Or take “bitch” which is what the high schoolers called me.  It didn’t even dent.  While I’m not a female dog, I can very much be the world’s own b*tch, sometimes even without justification.  I’m one of these people who is very laid back and reasonable, until you kick the invisible trip wire that means I’m verbally going to burn your village, take your cattle and possibly salt the fields, and there will be no mercy till I’m done.  Do I like being called that?  No.  But mostly it makes me laugh ruefully.  Because… eh… what defense do I really have after I’ve unloaded a can of metaphorical pain on them?

However, note I did bridle at implications I was just “cleaving to the party line.”  Why?  Well, because I can’t even imagine what party line I’d be cleaving to.  What I wrote about the relative treatment of men and women comes from my own experience as a wife and a mother of boys.  What I wrote was the result of painful thought and careful research.  It has nothing to do with what any party is doing.  I know the kerfuffle is partisan, but my annoyance is the mindless repetition of a slogan.  I’m perfectly open to being persuaded on the subject, with reasonable discussion.  Unless there’s an anti-slogan party (Heck, I went off on a slogan on the Prop 8 thing, even though I agreed with the opponents) I’m at a loss at what party line I was following.  So, that stung.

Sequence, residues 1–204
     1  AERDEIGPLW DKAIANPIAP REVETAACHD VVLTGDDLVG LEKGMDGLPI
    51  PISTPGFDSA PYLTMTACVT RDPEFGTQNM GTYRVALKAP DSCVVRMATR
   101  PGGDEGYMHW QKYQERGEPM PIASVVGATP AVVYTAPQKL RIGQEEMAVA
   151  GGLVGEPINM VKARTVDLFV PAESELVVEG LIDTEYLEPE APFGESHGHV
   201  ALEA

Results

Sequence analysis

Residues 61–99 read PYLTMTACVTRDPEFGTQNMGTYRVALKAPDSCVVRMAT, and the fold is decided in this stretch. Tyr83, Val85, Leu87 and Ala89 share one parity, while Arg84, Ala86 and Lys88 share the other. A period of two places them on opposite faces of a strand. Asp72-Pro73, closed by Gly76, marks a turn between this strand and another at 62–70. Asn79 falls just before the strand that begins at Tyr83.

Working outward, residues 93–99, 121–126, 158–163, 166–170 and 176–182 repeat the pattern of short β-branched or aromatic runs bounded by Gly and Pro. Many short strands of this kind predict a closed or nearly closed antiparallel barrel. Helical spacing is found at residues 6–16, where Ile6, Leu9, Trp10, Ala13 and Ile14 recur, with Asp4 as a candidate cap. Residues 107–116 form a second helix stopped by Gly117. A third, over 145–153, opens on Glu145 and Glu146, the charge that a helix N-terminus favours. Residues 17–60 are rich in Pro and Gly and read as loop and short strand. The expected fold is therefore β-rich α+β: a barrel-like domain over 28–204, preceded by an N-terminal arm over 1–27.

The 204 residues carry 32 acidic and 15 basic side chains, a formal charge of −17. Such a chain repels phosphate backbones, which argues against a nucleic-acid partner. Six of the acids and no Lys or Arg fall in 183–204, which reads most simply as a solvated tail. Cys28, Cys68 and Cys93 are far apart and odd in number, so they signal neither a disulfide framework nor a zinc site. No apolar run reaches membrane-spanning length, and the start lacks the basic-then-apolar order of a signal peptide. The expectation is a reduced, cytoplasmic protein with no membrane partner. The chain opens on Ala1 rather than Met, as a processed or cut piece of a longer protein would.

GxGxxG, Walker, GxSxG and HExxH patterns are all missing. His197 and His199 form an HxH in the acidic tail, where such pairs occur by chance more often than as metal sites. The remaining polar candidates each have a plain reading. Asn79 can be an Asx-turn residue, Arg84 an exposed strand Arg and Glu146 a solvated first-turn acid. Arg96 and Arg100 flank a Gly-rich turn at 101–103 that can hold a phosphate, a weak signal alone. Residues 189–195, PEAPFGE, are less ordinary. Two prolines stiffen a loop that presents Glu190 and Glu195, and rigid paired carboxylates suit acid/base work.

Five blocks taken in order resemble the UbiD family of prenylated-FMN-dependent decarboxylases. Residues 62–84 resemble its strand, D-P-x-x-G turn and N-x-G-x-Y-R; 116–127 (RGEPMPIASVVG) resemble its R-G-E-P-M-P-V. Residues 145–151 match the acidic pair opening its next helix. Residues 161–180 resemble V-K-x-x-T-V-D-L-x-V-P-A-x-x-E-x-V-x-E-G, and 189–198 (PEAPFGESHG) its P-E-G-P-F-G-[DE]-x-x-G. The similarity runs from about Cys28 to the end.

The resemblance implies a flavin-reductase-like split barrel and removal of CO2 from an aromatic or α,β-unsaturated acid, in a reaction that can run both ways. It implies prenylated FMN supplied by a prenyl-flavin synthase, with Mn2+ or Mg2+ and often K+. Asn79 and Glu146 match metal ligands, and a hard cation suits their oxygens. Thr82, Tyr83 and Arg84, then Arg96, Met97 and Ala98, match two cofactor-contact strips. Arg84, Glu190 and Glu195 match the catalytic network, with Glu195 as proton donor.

THAT annoyed me because it wasn’t true.  And the same goes for the other things that trolls fling around.

Look, have you ever met a true male chauvinist?  Someone who is, from his heart convinced that women are inferior across the board?  (And before we get trolls, no I’m not.  I just think women and men are different.  DEAL.  Celebrate diversity.  How dreary would it be if we were all exactly alike?)